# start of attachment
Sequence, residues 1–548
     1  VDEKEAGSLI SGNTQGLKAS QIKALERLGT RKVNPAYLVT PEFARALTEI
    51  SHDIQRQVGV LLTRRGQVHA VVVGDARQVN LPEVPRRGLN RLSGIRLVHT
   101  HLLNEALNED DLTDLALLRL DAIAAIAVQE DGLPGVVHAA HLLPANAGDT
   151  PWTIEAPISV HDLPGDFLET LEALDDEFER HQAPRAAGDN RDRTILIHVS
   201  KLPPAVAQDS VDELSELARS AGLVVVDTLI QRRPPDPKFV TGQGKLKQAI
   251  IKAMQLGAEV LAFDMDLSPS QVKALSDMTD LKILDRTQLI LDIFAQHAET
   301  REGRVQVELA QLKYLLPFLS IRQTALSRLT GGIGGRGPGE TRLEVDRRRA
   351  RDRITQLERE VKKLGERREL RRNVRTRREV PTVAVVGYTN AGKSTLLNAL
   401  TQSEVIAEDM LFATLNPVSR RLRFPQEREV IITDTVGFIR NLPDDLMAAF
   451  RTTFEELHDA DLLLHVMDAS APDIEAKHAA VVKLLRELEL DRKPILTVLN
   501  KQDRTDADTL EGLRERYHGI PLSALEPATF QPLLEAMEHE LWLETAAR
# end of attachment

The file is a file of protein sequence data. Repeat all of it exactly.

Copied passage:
Sequence, residues 1–548
     1  VDEKEAGSLI SGNTQGLKAS QIKALERLGT RKVNPAYLVT PEFARALTEI
    51  SHDIQRQVGV LLTRRGQVHA VVVGDARQVN LPEVPRRGLN RLSGIRLVHT
   101  HLLNEALNED DLTDLALLRL DAIAAIAVQE DGLPGVVHAA HLLPANAGDT
   151  PWTIEAPISV HDLPGDFLET LEALDDEFER HQAPRAAGDN RDRTILIHVS
   201  KLPPAVAQDS VDELSELARS AGLVVVDTLI QRRPPDPKFV TGQGKLKQAI
   251  IKAMQLGAEV LAFDMDLSPS QVKALSDMTD LKILDRTQLI LDIFAQHAET
   301  REGRVQVELA QLKYLLPFLS IRQTALSRLT GGIGGRGPGE TRLEVDRRRA
   351  RDRITQLERE VKKLGERREL RRNVRTRREV PTVAVVGYTN AGKSTLLNAL
   401  TQSEVIAEDM LFATLNPVSR RLRFPQEREV IITDTVGFIR NLPDDLMAAF
   451  RTTFEELHDA DLLLHVMDAS APDIEAKHAA VVKLLRELEL DRKPILTVLN
   501  KQDRTDADTL EGLRERYHGI PLSALEPATF QPLLEAMEHE LWLETAAR